Although they’ve had time to get acquainted with Jim McElwain and his new coaching staff the real first impressions begin for Florida’s returning players and a couple of early enrollee newbies this afternoon when the first day of spring practice begins. McElwain and the staff have spent plenty of time poring over film and watching closely as the team goes through conditioning and mat drills, but the impressions that count the most will be made over the 15 practices that will stretch over the next four weeks.
About the only way to describe spring practice is to call it a grind. In the 40-plus years I’ve been writing about football, I probably haven’t come across more than a handful of players who really enjoyed spring practice. Most of them hate those hours in the heat and humidity on afternoons when the campus lovelies are working on suntans around the pool. Saturday practices when you’re 90 minutes from Crescent Beach can’t be fun.
But, it’s a necessity, especially this year when they have to prove they are quick to grasp new concepts, respond well to coaching and try to show they have what it takes to compete in the Southeastern Conference.
For the coaching staff, it’s a first chance to identify leaders, find out who can and can’t make plays and which guys just want to play football, regardless of position. It’s those guys who are hungry to play and are ready to do anything a coach asks them to do that are the glue of a program and this is a program in serious need of some glue. The Florida program isn’t exactly coming apart at the seams, but it is one that definitely needs to take on a new identity and to do that, glue guys make all the difference in the world. Those gung-ho types who will kill to be on the field are the types who will set the tone and help Mac and his staff forge ahead with a new attitude and new expectations.
It’s been awhile since Southeastern Conference basketball got this much respect. Five teams in the NCAA Tournament in a year in which Florida is down says plenty about how far the league has come in the last few years. It’s also a tribute to Mike Slive, who demanded better scheduling back in 2010, telling the league’s athletic directors and coaches that if they scheduled better teams they would see more respect on Selection Sunday.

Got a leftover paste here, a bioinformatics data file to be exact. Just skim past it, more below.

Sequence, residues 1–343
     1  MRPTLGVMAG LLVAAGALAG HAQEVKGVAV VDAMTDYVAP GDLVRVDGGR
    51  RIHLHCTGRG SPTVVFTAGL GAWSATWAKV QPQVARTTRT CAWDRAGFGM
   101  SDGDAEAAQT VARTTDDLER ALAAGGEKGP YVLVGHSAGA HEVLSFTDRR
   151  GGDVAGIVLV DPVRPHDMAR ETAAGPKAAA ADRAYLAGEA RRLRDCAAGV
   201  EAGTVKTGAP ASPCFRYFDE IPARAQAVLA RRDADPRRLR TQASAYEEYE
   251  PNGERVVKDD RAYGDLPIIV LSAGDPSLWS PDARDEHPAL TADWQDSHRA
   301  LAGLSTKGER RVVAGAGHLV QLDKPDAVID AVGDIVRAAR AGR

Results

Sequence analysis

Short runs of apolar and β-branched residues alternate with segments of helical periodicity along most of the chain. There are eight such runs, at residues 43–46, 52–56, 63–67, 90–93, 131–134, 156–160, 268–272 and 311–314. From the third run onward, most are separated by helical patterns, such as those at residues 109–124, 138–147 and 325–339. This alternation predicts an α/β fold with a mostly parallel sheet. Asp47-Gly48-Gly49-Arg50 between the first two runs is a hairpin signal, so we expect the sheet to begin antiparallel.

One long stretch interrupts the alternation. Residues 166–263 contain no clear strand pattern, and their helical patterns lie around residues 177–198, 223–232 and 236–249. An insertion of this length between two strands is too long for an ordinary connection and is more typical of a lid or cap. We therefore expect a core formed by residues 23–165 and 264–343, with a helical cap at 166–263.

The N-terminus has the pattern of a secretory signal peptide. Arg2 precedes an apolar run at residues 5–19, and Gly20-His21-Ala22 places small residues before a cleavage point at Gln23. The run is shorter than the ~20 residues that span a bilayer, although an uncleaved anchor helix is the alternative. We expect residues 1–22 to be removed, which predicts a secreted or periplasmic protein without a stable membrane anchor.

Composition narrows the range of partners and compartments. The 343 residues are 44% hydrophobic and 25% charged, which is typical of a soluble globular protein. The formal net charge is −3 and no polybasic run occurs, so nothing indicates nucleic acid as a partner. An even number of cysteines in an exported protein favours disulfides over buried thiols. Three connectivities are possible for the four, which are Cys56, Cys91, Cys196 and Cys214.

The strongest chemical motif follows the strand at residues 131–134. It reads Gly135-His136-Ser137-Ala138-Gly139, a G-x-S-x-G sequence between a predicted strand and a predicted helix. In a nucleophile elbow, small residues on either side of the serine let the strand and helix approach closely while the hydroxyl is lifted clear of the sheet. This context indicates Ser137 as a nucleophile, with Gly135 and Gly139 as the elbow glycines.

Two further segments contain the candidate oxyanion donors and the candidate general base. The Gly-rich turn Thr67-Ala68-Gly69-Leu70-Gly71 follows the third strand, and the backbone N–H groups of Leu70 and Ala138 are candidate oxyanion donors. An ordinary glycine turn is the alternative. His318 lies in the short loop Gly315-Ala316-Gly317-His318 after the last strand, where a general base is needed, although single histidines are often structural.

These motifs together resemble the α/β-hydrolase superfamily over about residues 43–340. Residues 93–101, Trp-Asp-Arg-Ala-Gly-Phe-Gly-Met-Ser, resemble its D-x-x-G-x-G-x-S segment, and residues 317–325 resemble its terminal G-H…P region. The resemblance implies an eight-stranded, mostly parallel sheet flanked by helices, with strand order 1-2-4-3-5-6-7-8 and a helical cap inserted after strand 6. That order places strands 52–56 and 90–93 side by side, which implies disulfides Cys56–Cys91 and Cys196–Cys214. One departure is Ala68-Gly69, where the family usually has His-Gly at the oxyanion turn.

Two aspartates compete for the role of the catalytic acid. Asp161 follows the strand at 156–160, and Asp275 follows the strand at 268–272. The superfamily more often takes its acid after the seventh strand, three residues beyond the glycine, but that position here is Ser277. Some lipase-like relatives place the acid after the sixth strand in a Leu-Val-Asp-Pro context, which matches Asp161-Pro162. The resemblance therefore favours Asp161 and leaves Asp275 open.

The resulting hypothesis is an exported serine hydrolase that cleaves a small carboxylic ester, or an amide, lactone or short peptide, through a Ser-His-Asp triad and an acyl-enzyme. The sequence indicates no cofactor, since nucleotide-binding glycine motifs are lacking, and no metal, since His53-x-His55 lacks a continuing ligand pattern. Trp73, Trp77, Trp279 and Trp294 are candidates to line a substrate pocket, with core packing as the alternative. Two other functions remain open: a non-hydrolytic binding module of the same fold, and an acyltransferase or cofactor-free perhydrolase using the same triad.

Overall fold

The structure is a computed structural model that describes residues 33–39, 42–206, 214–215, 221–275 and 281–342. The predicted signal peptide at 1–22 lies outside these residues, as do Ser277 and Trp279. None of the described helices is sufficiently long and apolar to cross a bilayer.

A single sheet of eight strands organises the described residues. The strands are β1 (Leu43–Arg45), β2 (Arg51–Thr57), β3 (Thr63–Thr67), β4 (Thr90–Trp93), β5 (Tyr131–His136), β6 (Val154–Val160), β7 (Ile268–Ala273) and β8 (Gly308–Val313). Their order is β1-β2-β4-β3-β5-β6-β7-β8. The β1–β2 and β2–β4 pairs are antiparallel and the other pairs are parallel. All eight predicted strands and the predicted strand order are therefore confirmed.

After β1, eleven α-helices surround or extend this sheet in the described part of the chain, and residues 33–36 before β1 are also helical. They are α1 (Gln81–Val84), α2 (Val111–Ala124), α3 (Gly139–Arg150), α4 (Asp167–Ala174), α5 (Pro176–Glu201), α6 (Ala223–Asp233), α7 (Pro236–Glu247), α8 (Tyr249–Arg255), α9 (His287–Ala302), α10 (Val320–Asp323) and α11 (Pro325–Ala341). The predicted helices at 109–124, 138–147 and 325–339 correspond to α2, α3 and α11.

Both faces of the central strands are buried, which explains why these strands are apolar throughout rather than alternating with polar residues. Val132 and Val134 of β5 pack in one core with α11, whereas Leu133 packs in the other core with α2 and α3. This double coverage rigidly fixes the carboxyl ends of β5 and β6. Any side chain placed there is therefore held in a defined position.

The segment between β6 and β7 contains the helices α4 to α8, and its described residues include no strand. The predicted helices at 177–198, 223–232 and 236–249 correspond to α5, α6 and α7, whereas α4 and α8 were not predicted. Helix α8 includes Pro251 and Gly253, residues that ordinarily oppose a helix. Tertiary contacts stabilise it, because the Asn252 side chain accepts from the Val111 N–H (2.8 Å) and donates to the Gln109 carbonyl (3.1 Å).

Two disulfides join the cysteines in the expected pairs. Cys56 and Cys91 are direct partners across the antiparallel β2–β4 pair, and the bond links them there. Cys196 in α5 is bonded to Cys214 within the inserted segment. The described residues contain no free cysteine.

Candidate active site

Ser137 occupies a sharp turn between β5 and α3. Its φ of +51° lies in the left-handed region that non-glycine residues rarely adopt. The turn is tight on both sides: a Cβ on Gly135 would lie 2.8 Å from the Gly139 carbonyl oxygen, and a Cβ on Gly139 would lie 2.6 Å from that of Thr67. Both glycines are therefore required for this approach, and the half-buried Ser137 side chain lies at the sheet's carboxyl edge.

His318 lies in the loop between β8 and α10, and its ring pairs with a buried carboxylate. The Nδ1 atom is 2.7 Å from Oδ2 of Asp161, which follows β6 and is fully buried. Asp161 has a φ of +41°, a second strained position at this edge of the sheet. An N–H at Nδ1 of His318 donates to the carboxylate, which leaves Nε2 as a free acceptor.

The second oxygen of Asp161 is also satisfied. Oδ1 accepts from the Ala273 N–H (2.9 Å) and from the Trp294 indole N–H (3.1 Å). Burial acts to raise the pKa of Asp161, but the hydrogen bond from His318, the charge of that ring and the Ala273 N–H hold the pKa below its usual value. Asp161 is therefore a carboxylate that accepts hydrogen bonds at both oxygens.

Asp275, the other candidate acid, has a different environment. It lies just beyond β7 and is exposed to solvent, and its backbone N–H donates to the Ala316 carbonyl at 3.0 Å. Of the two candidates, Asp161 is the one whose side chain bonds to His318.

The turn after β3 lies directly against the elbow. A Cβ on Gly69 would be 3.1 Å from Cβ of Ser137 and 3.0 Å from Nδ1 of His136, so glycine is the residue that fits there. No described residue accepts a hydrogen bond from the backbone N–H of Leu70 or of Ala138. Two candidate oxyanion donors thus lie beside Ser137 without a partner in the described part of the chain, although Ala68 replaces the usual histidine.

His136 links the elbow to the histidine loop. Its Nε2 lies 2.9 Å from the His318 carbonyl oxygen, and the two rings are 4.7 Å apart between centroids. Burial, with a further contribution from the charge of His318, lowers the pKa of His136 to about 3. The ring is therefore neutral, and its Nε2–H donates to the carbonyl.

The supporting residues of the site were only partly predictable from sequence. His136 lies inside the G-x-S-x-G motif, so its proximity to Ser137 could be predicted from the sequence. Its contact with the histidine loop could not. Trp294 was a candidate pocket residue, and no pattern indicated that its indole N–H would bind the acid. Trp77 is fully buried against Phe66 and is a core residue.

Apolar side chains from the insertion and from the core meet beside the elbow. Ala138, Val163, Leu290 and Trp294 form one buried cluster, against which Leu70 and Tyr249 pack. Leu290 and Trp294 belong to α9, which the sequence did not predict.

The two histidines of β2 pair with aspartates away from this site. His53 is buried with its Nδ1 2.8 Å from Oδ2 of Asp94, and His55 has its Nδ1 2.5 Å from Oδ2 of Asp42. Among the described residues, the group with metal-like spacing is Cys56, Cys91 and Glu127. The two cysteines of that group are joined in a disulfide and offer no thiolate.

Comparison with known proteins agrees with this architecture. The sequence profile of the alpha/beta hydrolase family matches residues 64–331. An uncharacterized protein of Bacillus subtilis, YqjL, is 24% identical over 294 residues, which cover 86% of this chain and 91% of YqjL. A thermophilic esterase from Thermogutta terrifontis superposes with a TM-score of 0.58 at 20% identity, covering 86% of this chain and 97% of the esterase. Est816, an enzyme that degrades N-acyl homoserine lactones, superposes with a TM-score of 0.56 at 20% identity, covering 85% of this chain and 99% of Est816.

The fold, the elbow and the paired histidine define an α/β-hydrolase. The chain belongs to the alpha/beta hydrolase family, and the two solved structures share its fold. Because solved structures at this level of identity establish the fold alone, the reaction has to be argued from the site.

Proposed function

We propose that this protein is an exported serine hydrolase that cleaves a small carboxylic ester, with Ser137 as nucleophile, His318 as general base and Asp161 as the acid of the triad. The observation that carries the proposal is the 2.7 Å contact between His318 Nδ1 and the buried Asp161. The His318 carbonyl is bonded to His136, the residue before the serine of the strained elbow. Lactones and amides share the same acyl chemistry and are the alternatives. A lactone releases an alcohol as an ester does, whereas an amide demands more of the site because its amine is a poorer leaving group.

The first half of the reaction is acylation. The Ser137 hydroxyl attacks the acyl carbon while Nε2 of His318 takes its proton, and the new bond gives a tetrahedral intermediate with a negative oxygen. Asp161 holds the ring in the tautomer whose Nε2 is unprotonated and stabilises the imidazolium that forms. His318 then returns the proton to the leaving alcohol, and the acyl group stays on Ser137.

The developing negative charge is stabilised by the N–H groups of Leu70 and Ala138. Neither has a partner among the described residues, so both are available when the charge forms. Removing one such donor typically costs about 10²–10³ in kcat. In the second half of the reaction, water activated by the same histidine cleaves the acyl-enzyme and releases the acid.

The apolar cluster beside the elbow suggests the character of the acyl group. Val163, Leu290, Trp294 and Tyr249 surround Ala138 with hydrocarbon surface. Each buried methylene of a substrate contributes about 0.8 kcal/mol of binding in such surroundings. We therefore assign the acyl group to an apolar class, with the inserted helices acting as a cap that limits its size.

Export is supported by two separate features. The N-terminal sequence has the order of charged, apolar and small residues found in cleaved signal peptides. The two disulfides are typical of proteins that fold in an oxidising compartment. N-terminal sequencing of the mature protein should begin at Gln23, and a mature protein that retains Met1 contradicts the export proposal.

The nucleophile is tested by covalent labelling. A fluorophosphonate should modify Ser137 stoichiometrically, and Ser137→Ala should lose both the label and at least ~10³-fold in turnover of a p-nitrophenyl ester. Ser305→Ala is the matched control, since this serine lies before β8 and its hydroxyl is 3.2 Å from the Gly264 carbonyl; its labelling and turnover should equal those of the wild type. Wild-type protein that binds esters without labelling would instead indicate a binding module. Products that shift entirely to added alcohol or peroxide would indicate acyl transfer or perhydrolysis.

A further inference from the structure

Heading into Sunday, Slive could feel good about Kentucky, which was going to be the overall #1 seed no matter the outcome of the SEC Tournament in Nashville, and Arkansas, which got a #5 in the West and wasn’t all that far from a #4. General consensus was LSU and Georgia were in good shape but Ole Miss, thanks to a one-and-done SEC tournament showing with the loss to South Carolina, might be on the outside looking in. Consensus about LSU (#9 see East) and Georgia (#10 seed East) was spot on. They got into the Big Dance easily.
That Ole Miss got in might have more to do with taking Kentucky into double overtime than a road win over Oregon and a neutral site win over Cincinnati during the non-conference portion of the schedule. It might help to explain why Ole Miss got in with a #57 RPI while Colorado State with 27 wins and a #29 RPI and Old Dominion with 24 wins, a #45 RPI and wins over LSU and VCU got left out.
The first round schedule:
Kentucky: The Wildcats (34-0) will face the winner of a play-in game between Manhattan (19-13) and Hampton (16-17) on Thursday in Louisville. The Saturday second round game will be against the winner of Cincinnati (22-10) and Purdue (21-12), a game between 7-8 seeds.
Arkansas: The Razorbacks (26-8) will face #12 seed Wofford (28-6) of the Southern Conference Thursday in Jacksonville. If they win, they get the winner of North Carolina (#4 seed) and Harvard (#13) on Saturday.
LSU: LSU (22-10) gets #8 seed North Carolina State (20-13) in the first round of the East Regional in Syracuse on Thursday. Should the Tigers win, they’ll get the winner of #1 Villanova (32-2) vs. #16 Lafayette (20-12) on Saturday.
Georgia: Friday, Georgia (21-11) gets #7 seed Michigan State (23-11), which took #1 seed (West Region) Wisconsin into overtime in the championship game of the Big Ten. Should the Bulldogs survive that one they get the winner of #2 Virginia (29-3) and #15 Belmont (22-10) on Sunday in Charlotte.
Ole Miss: The Rebels (20-12) face BYU (25-9) in a #11 seed play-in game in Dayton on Tuesday. If they win, they face #6 seed Xavier (21-13) in a West Regional game in Jacksonville on Thursday. If they get past Xavier, the winner of #3 Baylor (24-9) and #14 Georgia State (24-9) awaits on Saturday.
… if they get most of the breaks and shot unconscious
1. Arizona: The Wildcats are probably the one team with the best chance to shatter Kentucky’s dreams of an unbeaten season. They have size, depth, shooters and they play serious in your face defense. Nobody has Kentucky’s size and depth in the front court, but Arizona can present more and perhaps better challenges than anyone Kentucky has faced this year. Everybody talks about the matchup nightmares Kentucky presents, but Arizona presents a few problem matchups as well, starting with stretch four Brandon Ashley (6-9). He can shoot the three, is quick enough to put the ball on the deck and get to the rim and he’s strong enough to finish. Rondae Hollis-Jefferson and Stanley Johnson are freak athletes who can play and defend multiple positions. The Wildcats have clutch shooters in Gabe York and T.J. McConnell. But, to beat Kentucky, the key will be keeping 7-footers Kaleb Tarczewski and Dusan Ristic out of foul trouble. Do that and Zona has a chance.